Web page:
Scientists anxious about the future of research funding

Like in 2010, cuts to science are a real possibility. sw77/Flickr, CC BY-SA

With the Comprehensive Spending Review looming in the autumn, it is hard to know exactly how researchers will fare over the next five years. But given that there was no protection for the science budget in the Tories’ manifesto, it seems everything is up for grabs. Last week’s announcement of severe cuts of £450m to the government department that funds research is a worrying sign. Another challenge is an ongoing review that has the potential to change the way that the funding is distributed.

The problem with ‘place’

A series of recent policy announcements have left scientists wondering how the whole funding system for research might change. At the end of 2014, the former coalition government published a strategy for science and innovation that, while warm in sentiment, was short in detail and commitment. Much of the money committed in the document was not new, such as the government’s decision to invest £200m in a new materials centre in Manchester, dubbed the “Royce”.

The document, which introduced the term “place” as one of five central pillars, stressed the importance of regional clustering. This could be a problem because research funding in the UK has traditionally been distributed by the research councils on the basis of the most excellent applications, with ministers unlikely to get involved in the decisions. It is hard not to see this new criterion as a potential tool enabling ministers to launch projects as they see fit.

Will Manchester catch up with London when it comes to science? Stacey MacNaught/Flickr, CC BY-SA

But perhaps the most important (because it is new) announcement in the strategy was the launch of a review into the research councils, to be led by Paul Nurse, president of the Royal Society. This was despite the fact that the councils had just survived another review into their operations, led by the Cabinet Office.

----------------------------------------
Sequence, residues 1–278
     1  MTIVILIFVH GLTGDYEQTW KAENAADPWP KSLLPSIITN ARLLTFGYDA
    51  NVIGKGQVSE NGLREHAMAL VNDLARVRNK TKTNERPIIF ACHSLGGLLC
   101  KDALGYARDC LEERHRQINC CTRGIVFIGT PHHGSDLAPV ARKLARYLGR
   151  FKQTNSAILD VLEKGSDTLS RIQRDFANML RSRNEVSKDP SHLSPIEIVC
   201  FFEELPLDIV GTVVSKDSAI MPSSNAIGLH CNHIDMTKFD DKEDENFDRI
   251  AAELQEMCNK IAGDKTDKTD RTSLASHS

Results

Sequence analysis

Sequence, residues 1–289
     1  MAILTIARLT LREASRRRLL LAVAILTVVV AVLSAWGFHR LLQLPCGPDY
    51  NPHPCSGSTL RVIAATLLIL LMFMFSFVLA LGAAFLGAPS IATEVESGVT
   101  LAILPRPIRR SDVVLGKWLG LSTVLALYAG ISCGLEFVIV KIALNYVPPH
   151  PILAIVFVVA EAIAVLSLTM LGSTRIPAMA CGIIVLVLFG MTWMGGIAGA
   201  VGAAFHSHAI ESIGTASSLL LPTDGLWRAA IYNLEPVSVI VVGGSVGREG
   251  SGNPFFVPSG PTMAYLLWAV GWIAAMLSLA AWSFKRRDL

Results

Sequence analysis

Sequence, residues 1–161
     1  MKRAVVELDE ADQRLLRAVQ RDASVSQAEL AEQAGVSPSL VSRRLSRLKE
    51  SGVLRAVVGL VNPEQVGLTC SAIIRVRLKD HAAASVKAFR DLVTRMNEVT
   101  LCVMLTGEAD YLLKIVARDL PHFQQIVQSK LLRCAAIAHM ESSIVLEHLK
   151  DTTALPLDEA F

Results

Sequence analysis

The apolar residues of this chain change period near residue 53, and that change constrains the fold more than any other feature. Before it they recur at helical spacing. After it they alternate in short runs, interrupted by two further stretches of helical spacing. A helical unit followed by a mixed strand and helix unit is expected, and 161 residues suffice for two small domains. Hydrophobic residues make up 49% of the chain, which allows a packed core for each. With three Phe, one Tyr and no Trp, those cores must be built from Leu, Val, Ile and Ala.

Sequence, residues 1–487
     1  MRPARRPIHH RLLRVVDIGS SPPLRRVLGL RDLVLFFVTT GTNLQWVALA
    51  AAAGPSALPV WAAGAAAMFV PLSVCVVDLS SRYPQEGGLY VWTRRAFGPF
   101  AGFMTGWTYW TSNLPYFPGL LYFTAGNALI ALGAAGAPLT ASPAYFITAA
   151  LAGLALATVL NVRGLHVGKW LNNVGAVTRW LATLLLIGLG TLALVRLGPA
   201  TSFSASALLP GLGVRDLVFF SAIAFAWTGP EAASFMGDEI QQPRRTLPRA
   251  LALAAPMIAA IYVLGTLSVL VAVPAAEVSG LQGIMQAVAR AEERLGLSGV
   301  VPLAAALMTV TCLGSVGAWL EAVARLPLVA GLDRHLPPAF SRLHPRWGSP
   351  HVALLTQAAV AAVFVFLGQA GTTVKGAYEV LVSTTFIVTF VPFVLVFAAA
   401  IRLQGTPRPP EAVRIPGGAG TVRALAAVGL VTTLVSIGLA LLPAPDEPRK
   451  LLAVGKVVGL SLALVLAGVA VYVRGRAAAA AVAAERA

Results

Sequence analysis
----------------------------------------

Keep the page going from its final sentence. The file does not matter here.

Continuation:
In their response to the review‘s consultation, the Royal Society – carefully keeping itself at arm’s length from Nurse himself – commented that funding decisions should be more transparent and that those making them should be accountable. This is a clear reference to the unease felt by many about decisions such as the allocation of such large funds for the Royce. The society also warned that if UK funding becomes distributed on an increasingly regional basis rather than following excellence, the risk of duplication and unhelpful competition might grow.

Inevitably one can start to see what might be termed battle lines being drawn up in the scientific community. An article putting “big science” (huge expensive projects such as the LHC) in opposition to small projects recently appeared, swiftly followed by a rebuttal stating that “size doesn’t matter”.

But, fundamentally we need to be sure that decision-making processes are as good as they can be and that scientists work closely with politicians to develop these ideas. This is important, as decisions should have the trust of the community as well as the approval of politicians. Research councils also mustn’t be pitted against each other, because we need them all – but inevitably they are competing for funds. And we need to be sure that “place” doesn’t trump excellence all the time and that our infrastructure is fit for purpose across the country, not just where a politician’s whim chooses to fund something substantial.